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When I joined the tech industry in my early 20s and for years after, I noticed that many in their 30s or older seemed burned out. It didn't make much sense to me, because to become a tech worker takes drive and ambition and how would you just lose that one day? Now, 12 years on I can definitely see how burnout is so prevalent.

It's like living in the desert and hearing about people drowning. You'd ask yourself, "how is that even possible?" But now I feel as if I've moved to the beach, and can easily see the waves and how it's a real problem. I don't think I'm burned out, but I'm conscious enough of the possibility to keep an eye on the tide.

I had the exact experience.

My tech career started at around 22. Everyone past the 28 mark seemed to have a generally apathetic vibe to work (compared to my 22 year old excitement). I had no idea how that could happen. Tech was awesome!!!!!!

I'm almost 30 now. Fuck tech. Fuck clients. Fuck management. And especially fuck 22 year olds. I want to put on my headphones, finish my 8 hours of sludge, and run for the exit.

For me it's a bit similar to how I felt as a kid playing with legos. Who wouldn't want to play with legos many hours a day, most days every week? It never occurred to me that there'd come a point where I wanted to know that my work genuinely improved lives. It turns out that being good at something and getting paid for it isn't always enough. It's hard to avoid the question of meaning forever.

It's something I hear almost every day now.

1) 20 something not willing to live office or blue collar job lives and go for driven passion

2) realize how any regular obligation will lose the art/passion side and will become a system ..

3) realize that a job is a job

4) many wants to improve lives of others.

I think our generation (I suppose we're both from the 70/80s) was pushed too long into pupil mindset (leaving college at 23 if not more) and too focused about our passions. Adult life is adult life and there's no cutting corners, the previous generation didn't really have a choice and learned it earlier.

Also 'improving lives of others' is somehow a metaphor for having a society being a large team. There's a weird pivotal time where we lose this trait.. we want to make it, become anxious.. and then realize 'success' would just be making something useful for the group.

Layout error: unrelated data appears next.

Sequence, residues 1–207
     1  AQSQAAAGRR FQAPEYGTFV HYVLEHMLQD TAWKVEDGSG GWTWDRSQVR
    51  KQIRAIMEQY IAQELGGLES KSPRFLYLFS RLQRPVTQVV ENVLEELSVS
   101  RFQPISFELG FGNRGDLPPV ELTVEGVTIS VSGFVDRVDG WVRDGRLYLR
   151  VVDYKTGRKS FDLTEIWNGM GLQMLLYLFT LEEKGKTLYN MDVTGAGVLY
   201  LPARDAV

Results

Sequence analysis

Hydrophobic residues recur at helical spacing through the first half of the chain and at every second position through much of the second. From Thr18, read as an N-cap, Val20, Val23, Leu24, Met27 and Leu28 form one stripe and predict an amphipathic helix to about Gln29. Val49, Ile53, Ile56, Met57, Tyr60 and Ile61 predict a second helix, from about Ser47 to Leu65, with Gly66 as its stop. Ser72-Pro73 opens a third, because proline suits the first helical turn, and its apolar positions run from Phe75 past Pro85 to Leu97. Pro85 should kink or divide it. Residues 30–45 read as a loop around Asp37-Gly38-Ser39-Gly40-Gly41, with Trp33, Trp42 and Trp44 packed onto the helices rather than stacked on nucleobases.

I'm also at 12 years now, extrapolating to 25 years in the industry is actually pretty difficult to imagine.

Personal experience, FWIW: Once you have enough experience and a large enough network to generally not worry about jobs/starving, it makes sense to find more fulfilling jobs. There are plenty in tech, and if you are good, you can be selective. If you are really good, your former colleagues will constantly be telling you about new opportunities and you can be very selective.

I ended up doing a startup full time (3yrs) for a cause I liked (diagnosing TB, with the goal of giving away the product to lower income nations.) Product success, market failure, but personal success and i'm very happy I did it.

I was very selective with my current employer as well -- I really chose an engineering team I could respect and learn from and I'm happy about that.

I realize not everyone has the ability to be selective (perhaps luck, skillset, geography), but if you do, you can be very happy.

The drive and ambition have a funny tech-related spin to them, too. Emotional or relational problems are cast in technical terms as if the solution is to file a bug report on one's own software, even in cases where it makes most sense just to get together and push back on the project / boss / client.

Plus you can only hear about e.g. responsiveness concerns like latency so much from the same team / project before you realize: The people themselves are attempting to work more like, and to become more like, machines. They are also thinking about "my latency" as a way of becoming as responsive as possible. If that's true of the group, you're lucky if the burnout isn't already so well entrenched as to be celebrated.

Did you talk to these dudes ? I remember a few guys being quite dull my internship. I think that old big corps are too removed from reality in a way. You make products and portfolios.. rewrite some shit in <platform of the day> that is clearly not or not clearly an improvement. After some point maybe you just throw in the towel and just coast along for the check.

Also one guy did actually lose it and was now the official monster behind a cubicle. AFAIK he was still there because of years of service and probably some deep system know-how lockdown that nobody wants to touch so he's in charge.

Heh, it rings so true. I remember being an intern and feeling a bit ashamed that I was being paid for tinkering with stuff all day. It was all novel back then and very low-pressure (of course, that's because intern-level tasks are not exactly the most important ones). And there was this 'senior developer' guy whom I of course looked up to. But soon I noticed that he was incredibly checked out and just did the bare minimum of work and browsed facebook the rest of the time. I was seriously confused.

I burnt out 3 years in - just wanted too much, too soon instead of enjoying the process. May have come down to the employers. Have taken it easy these last 5 years, working not for a FAANG but very close and I've never been less stressed. Lucky my employer was acquired, because it sounds like the culture pre-acquisition was much, much more toxic.

Same here, and your analogy was great.

Also, thanks for the laugh re: your username.

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